Wayne jeez look at my reply in the thread on bb.com at the top of page 26. That all but debunks your whole idea.
Not the reply 'ewe' were expecting I'll bet...
Eccentric to concentric force.
I was trying to work out the force needed to lift a 100kg weight, however the lifter first is lowering this weight at .5 of a second, for 1m, and at the last instant he has to accelerate this weight up 1m at .5 of a second.
Someone worked out for me the lifting and lowering of a 100kg for 1m each way at .5/.5 and 2/4, but from zero movement at the start of the lift. However, as the force needed is going to be higher in the transition from the eccentric to the concentric, as the weight is being lowered at .5 of a second down 1m, so the acceleration component means that the forces exerted on the load (and thereby by the muscles) by far exceeds the nominal weight of the load, as if something is falling slightly faster would not it appear heaver to the muscles, and in each repetition of the lifting and lowering as in weightlifting.
Say we lowered the 100kg at .5 of a second down 1m, and at the last 10 or 20% we had to use as much force the lift the weight up again 1m in .5 of a second, what force would this take. Thx in advance for your time if anyone is able to work it out, here are the calculations a friend worked out, hope they are right not sure.
Let's assume we're comparing 2 sets using the same weight, but different rep speeds. set 1 uses 0.5/0.5 and set 2 uses 2/4. For simplicity's sake we'll assume the weight accelerates 100% of the way up and down for both sets.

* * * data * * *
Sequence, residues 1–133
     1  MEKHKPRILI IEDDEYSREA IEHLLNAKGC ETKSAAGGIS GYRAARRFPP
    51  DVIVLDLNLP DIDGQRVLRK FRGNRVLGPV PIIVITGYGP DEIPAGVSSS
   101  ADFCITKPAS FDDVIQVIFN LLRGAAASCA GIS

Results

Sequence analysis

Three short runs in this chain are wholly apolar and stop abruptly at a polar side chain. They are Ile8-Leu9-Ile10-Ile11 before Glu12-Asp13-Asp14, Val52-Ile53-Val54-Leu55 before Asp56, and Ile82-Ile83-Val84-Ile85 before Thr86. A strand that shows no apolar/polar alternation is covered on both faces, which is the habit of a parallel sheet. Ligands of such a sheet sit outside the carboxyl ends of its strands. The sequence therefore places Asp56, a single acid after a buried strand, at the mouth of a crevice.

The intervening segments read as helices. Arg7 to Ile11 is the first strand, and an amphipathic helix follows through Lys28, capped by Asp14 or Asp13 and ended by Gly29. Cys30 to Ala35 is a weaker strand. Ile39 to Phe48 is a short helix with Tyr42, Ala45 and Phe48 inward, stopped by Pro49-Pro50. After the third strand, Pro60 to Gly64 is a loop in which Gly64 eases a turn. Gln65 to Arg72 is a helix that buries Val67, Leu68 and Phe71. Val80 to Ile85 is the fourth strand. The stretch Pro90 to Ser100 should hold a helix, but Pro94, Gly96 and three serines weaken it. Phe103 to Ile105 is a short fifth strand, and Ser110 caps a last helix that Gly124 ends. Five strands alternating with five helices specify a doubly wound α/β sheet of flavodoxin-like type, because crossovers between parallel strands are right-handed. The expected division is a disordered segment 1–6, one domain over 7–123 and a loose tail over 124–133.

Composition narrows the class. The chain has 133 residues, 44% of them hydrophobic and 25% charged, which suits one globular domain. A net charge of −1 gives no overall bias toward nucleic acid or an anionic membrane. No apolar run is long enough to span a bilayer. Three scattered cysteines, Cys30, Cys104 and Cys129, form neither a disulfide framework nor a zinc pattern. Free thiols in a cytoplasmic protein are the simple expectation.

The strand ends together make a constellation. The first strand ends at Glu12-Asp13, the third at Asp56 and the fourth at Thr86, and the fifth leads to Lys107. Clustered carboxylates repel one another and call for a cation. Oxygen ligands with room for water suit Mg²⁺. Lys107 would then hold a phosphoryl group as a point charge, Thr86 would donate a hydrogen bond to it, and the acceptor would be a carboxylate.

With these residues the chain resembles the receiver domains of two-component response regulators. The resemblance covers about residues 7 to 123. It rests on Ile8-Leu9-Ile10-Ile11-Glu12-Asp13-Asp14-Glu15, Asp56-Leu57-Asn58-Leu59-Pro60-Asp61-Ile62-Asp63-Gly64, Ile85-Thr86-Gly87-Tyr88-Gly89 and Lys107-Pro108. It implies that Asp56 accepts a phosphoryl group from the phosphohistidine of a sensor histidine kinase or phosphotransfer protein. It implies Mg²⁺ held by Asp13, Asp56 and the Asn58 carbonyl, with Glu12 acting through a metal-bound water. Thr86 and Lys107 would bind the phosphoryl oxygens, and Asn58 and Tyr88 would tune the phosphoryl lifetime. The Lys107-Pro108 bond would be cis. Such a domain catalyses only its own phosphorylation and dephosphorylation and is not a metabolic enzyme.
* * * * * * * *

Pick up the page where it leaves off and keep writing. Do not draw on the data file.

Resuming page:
Known: Mass(m) =100kg (220lbs) Acceleration(a)=?? Distance(d)=1m
First let's solve for the acceleration required to move the weight 1m in the time frames of the sets.
Calculate a, to travel 1m in 0.5s (Raising and Lowering of set 1):
d=1/2at^2
1m=1/2*a*(0.5s)^2
a=2(1m)/(.25s^2)
a=8 m/s^2
Calculate a, to travel 1m in 2s (Raising set 2):
d=1/2at^2
1m=1/2*a*(2s)^2
a=2(1m)/(4s^2)
a=0.5 m/s^2
Calculate a, to travel 1m in 4s (Lowering set 2):
d=1/2at^2
1m=1/2*a*(4s)^2
a=2(1m)/(16s^2)
a=.125 m/s^2
Now lets solve for the forces required to accelerate the weight
Calculate the force required to raise 100kg, 1m, in 0.5s:
Sum of forces=ma
F1-mg=ma
F1-(100kg)(9.81m/s^2)=(100kg)(8m/s^2)
F1=(981+800) kg m/s^2
F1=1781 kg m/s^2 required to raise the weight 1m in 0.5s
Now compare it to the force required to raise 100kg, 1m, in 2s
Sum of forces=ma
F2-mg=ma
F2-(100kg)(9.81m/s^2)=(100kg)(0.5m/s^2)
F2=(981+50) kg m/s^2
F2=1031 kg m/s^2 required to raise the weight 1m in 2s
***As predicted, it takes more force to raise the weight 1m in 0.5s than it does to raise it in 2s. It takes F1/F2=1.73 times as much force to do so. You're right about this but nobody is disagreeing with you here
However, now let's look at what happens on the way down.
Calculate the force required to lower 100kg, 1m, in 0.5s:
Sum of forces=ma
mg-F3=ma
(100kg)(9.81m/s^2)-F3=(100kg)(8m/s^2)
F3=(981-800) kg m/s^2
F3=181 kg m/s^2 is required to lower the weight 1m in 0.5s
Now compare it to the force required to lower 100kg, 1m, in 4s
Sum of forces=ma
mg-F4=ma
(100kg)(9.81m/s^2)-F4=(100kg)(.125m/s^2)
F4=(981-12.5) kg m/s^2
F3=968.5 kg m/s^2 is required to lower the weight 1m in 4s
***Contrary to your belief, it takes MORE force to lower the weight 1m in 4s than it does to lower it in 0.5s. In fact, it take A LOT more. It takes F5/F3=5.35 times as much force to do so! That's 5.35 times more force to go slow than fast!!!![/u][/B]
Here is a video of me doing both lifts.
YouTube - waynerock999's Channel
Wayne